Gulf oil spill: Can the Coast Guard cope?
Coast Guard officials on Thursday sought to assure reporters that all that can be done to fight the oil flow is being done.“Our end goal remains permanently securing the well,” said Coast Guard Rear Adm. Mary Landry, the federal on-scene coordinator, at an afternoon briefing.
Landry explained the efforts. New is the use of underwater dispersants – for the first time in U.S. history at the depth of 5,000 feet, she said. That technique, if given final approval, would join other techniques such as the use of booms and of controlled burns. Landry called the underwater technique “novel,” saying it had been tried before, but not at the this depth. The idea is to get the dispersant closer to the leak, faster, she said. The well is about a mile down.
Officials said they are prepared to sink a relief well and to consider a second relief well, if needed.
“Nobody, absolutely nobody, wants to get this oil flow stopped more than I do,” said Doug Suttles, a chief operating officer for BP. He said he has contacted other industry experts for their ideas in containing the spill.
One source of confusion is the increase in the estimated size of the spill from 1,000 barrels to 5,000 barrels a day. Suttles said the earlier estimate was based on the best information at the time but it was revised as new information from imaging, for example, became available.“We didn’t actually change our response effort,” he said, adding that the company has aggressively pursued containment.
In a telephone interview from California, David Helvarg, author of “Rescue Warriors: The U.S. Coast Guard, America’s Forgotten Heroes,” said “The Coast Guard is like the Marines. They go in fast and early. But they don’t have the assets to maintain a long campaign."
That is why, Helvarg said, the Obama administration has brought in backup from the Pentagon to wage battle at sea against the growing spill. “The Coast Guard is the size of the New York Police Department, not the size of the Marines – even if they act like them,” he said. It can fulfill its federal duty as coordinator, he said, but an oil slick of this magnitude will be too much to corral with floating booms, burns or other techniques.
“There isn’t enough boom to capture a 200,000-gallon a day spill and protect the Louisiana’s wetlands, beaches and bayous,” Helvarg said. “It’s unclear if they can burn enough oil. What, are they going to set the whole gulf on fire? It’s going to get ugly.”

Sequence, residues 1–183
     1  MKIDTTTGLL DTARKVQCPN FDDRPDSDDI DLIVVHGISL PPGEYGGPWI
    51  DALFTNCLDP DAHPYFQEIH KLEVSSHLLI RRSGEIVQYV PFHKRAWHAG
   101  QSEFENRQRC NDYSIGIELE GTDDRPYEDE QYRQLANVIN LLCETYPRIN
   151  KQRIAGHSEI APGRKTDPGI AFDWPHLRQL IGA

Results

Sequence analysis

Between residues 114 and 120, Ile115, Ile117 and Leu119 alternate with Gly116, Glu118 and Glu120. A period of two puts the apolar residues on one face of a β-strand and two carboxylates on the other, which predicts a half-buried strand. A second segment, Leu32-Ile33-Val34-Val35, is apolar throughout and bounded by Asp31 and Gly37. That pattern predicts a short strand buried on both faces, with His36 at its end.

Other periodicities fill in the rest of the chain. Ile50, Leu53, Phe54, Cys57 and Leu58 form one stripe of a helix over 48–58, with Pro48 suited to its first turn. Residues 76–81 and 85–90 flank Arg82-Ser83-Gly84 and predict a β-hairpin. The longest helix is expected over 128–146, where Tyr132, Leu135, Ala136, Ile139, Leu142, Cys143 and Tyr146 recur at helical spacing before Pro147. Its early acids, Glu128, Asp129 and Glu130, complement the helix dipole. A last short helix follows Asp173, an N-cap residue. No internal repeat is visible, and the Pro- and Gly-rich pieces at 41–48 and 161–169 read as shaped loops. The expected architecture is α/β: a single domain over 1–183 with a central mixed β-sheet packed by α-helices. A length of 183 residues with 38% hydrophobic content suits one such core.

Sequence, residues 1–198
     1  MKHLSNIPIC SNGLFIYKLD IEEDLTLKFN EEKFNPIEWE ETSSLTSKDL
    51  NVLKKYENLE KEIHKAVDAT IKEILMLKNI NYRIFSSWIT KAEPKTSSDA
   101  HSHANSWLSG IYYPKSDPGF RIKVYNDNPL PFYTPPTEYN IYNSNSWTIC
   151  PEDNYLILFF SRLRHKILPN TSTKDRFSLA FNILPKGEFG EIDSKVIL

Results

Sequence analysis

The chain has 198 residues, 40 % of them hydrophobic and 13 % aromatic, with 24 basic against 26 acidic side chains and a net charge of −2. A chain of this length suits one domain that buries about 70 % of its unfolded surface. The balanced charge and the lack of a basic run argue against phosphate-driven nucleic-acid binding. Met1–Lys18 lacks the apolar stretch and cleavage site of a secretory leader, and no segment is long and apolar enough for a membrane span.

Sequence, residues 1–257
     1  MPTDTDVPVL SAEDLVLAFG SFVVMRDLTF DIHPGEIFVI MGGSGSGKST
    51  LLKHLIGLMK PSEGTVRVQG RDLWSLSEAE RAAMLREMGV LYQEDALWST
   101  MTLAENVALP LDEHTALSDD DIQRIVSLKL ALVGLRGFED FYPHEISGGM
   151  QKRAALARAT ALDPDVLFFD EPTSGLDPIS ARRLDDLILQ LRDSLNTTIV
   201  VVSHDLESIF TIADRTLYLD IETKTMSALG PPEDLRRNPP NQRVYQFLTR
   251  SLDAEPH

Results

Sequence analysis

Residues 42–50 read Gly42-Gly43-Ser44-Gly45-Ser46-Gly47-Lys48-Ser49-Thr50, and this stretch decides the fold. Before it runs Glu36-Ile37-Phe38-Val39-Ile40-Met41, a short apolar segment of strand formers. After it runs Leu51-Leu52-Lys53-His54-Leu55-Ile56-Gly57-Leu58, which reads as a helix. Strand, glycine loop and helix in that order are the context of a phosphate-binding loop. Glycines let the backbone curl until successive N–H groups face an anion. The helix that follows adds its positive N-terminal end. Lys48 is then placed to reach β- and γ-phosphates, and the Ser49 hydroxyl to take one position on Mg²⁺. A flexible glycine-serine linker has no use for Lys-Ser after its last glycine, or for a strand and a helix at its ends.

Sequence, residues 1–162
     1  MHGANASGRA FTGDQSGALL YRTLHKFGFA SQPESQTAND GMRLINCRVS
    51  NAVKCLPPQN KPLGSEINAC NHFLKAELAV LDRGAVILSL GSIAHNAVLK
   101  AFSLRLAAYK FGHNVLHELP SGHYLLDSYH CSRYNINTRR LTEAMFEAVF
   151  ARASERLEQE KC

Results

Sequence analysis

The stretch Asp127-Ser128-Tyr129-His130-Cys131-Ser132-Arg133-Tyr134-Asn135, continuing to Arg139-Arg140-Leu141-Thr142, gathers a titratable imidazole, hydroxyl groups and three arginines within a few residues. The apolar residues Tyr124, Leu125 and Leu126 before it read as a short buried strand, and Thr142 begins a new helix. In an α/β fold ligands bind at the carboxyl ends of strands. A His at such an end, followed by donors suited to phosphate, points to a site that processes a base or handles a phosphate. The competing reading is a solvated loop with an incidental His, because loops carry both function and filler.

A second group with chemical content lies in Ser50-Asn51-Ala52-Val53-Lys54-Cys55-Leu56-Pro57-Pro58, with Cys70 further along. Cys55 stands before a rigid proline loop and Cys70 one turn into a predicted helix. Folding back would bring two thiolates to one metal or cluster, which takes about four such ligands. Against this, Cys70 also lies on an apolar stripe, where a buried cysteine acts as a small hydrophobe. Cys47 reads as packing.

Helvarg, president of the Blue Frontier Campaign, an ocean advocacy group, said this incident is a reminder that the industry-touted safer technology often comes after a mishap in what he calls “frontier waters.” The explosion came in a well being well sunk nearly a mile below the ocean surface -- waters which not too long ago were considered out of reach.
“The Arctic is the next frontier,” Helvarg said, noting that the Obama administration has been handing out exploratory oil drilling leases off Alaska’s north coast. “The industry doesn’t even pretend it knows how to clean up a spill on or under sea ice.”
With pictures of burning oil slicks emerging from the gulf, the World Wildlife Fund called on President Obama to declare a moratorium on any new drilling in Arctic waters and cancel oil leases issued during the Bush administration for the Beaufort and Chukchi seas.
William M. Eichbaum, the fund’s vice president for arctic and marine policy, said the crisis in the gulf is unfolding despite being blessed with mild weather and sea conditions.
“As terrible as this situation is, the impacts would be far worse should this spill have taken place in the harsh and remote environment of the Arctic, where violent storms and thick ice would make it nearly impossible to effectively respond to even a minor oil spill,” Eichbaum said.
--Michael Muskal and Ken Weiss
Photo: Rear Adm. Mary Landry of the U.S. Coast speaks during a press briefing on Thursday, April 29, 2010, at the Shell Robert Training and Conference Center in Robert, LA about the oil spill that resulted from the explosion and collapse of the Deepwater Horizon oil rig in the Gulf of Mexico near the coast of Louisiana. Credit: AP Photo/Derick E. Hingle